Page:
This I Believe

Mina - Burbank, California
Entered on July 25, 2007
Age Group: 18 - 30

Red, White, and Blue

Prior to our first class, the kids at school sang the Afghan National Anthem followed by a

prayer. Each morning they sang eagerly and prayed fanatically; I mumbled in pretence.

Every day, during this hour the same question somehow found its way to pierce my mind: I

questioned the reasons why they prayed to such an unjust God. The prayer was led by our

teacher, and the kids followed out loud in sync with one another. Not me. I knew of no God! I

once saw a post card of a beach with kids playing, laughing, and building sand castles. It read

San Diego, CA. On occasion, I stared at the post card so extensively that I imagined I was a part

of it. San Diego, CA, the only English words I knew were engraved in my memory.

Everyday, I dreaded going to the mosque. Unable to grasp its meaning, I didn’t

particularly enjoy learning to read the untranslatable Arabic Quran. Nonetheless my brother,

who is two years my senior, and I were expected to go to the mosque daily. One afternoon a

sobbing young girl, with her ringlet hair bouncing off her shoulders, jogged her way as she

struggled to keep up with her father’s long and firm steps. Dragging the young girl by her upper

arm sleeve, her father approached the mullah (priest), furious, for his daughter was sent home.

“She doesn’t pay attention, she’s brainless”, the mullah aggressively expressed to her father

while habitually brushing his stomach-length, salt and pepper beard with his fingers.

I was seven years old when I was first molested by the mullah. I couldn’t understand why

God allowed such evil to take place in His home! I stopped concentrating during the Quran

lessons; my mind was pre-occupied with endless anticipation of the next time. The walls in the

mosque suffocated me. In my mind’s eyes, the mosque was the place where children were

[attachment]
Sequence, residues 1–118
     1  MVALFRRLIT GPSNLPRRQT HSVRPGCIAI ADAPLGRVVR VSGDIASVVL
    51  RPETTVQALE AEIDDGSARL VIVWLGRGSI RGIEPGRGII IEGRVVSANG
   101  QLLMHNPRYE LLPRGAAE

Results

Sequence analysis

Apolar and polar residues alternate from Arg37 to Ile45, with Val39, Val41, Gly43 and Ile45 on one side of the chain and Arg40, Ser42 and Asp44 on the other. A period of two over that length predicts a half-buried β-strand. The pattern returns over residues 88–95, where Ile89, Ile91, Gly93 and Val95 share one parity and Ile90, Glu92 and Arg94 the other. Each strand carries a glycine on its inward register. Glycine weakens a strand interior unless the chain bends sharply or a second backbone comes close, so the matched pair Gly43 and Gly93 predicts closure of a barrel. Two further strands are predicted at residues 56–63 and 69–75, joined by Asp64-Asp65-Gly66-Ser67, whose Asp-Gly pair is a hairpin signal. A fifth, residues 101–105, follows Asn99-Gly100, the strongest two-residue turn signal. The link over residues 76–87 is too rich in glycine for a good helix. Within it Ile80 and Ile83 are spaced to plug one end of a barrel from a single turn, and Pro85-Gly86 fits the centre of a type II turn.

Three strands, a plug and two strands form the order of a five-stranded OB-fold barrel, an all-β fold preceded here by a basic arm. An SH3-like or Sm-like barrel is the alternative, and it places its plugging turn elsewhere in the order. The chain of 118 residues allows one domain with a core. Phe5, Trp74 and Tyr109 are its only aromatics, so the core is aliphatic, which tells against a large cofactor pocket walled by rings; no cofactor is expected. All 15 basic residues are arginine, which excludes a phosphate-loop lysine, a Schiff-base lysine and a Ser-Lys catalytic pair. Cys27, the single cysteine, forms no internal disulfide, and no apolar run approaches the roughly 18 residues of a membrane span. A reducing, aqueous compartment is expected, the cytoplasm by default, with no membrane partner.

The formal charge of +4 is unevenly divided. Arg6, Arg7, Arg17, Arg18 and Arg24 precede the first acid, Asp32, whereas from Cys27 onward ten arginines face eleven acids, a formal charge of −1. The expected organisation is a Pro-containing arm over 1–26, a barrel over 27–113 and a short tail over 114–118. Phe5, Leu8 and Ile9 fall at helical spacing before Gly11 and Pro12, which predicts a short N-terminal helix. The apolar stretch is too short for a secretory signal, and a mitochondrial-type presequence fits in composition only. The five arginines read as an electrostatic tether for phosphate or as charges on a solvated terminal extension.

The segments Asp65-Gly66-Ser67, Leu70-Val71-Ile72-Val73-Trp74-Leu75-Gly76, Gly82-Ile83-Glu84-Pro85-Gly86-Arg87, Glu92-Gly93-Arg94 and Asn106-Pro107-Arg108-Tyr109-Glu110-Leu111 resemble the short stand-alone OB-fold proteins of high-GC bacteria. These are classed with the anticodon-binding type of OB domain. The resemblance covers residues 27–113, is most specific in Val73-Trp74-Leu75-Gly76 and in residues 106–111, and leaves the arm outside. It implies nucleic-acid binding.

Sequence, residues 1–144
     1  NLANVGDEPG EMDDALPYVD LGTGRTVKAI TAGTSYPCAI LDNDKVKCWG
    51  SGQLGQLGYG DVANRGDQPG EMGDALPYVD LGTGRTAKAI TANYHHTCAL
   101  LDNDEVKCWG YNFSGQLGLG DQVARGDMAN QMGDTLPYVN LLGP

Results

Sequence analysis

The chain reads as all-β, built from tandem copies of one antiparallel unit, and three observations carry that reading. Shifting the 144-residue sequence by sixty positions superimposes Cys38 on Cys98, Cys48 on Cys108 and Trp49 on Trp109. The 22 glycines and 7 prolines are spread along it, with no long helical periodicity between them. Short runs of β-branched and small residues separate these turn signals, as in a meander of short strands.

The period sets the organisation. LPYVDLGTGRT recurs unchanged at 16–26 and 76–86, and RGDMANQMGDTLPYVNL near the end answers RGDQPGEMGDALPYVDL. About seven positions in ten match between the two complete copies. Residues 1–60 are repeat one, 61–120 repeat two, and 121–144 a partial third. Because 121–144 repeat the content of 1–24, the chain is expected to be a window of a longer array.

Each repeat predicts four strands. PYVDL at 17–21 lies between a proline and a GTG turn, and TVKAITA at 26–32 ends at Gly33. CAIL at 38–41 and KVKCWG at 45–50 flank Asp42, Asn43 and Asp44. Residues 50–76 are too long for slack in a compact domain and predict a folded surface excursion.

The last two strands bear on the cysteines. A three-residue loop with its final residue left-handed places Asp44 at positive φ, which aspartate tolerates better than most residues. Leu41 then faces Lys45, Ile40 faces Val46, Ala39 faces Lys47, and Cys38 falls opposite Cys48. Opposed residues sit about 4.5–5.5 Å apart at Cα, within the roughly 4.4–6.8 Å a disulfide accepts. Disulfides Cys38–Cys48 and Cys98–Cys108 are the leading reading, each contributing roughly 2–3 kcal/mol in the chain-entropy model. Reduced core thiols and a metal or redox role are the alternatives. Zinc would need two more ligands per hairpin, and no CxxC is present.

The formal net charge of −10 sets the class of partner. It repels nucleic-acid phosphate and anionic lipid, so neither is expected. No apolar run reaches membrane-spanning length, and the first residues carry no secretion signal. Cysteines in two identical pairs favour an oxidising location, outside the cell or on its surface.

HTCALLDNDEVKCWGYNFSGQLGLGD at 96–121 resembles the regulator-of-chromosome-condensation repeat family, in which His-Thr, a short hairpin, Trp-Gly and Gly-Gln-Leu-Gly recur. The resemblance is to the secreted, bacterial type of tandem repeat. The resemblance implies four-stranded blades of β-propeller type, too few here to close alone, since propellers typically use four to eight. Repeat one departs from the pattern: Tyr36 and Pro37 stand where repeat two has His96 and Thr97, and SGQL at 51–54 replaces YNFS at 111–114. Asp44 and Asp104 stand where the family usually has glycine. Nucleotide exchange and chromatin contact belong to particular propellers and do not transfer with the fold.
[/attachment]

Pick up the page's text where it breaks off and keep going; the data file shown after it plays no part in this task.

robbed of their innocence. To my surprise, at last, I acquired the first place in my class (a

numerical grading system used to classify the number one student). “She’s a very smart girl,”

said the mullah to my mother. She had gone to the mosque to thank him for spending extra time

tutoring me. I would have preferred it if I were stupid like the sobbing girl, but now I was

“smart”; now I was dirty.

My mother woke me up in the middle of the night to what was my last night in Kabul.

My parents had saved up enough money to smuggle my brother and me into the U.S. after

anticipating a regime change in Afghanistan. I wasn’t sure if we’d see them again, but inside, my

heart could’ve burst from happiness. I watched those miserable buildings from the plane as it

took off from Kabul airport. With anguish, my eyes followed the filthy walls of the mosque till I

could no longer see it. At that moment, I left behind my deepest pain, the unforgivable memories

of my childhood, my innocence, love, and compassion for my own kind.

My brother and I migrated to the U.S. when I was twelve years old. We arrived in John F.

Kennedy airport on December 25, 1991. The hour was 9:45 P.M. Holding my brother’s arm, we

exited the plane. Instantaneously, my eyes spotted the red, white, and blue colors! An

indescribable emotion took over me, and I ran toward the colors. I was beside myself. I couldn’t

believe I was standing in front of the American flag. Vivid images of the burning American flag

at the opening ceremony of my school rushed my mind. Hesitantly, I touched the flag with the

greatest love and affection. I knew this flag would give me back what I had lost years ago, my

dignity, self-worth, self-respect and, most importantly, my freedom. Because of this flag, I no

longer dream of the post card from San Diego, I now see it in my reality…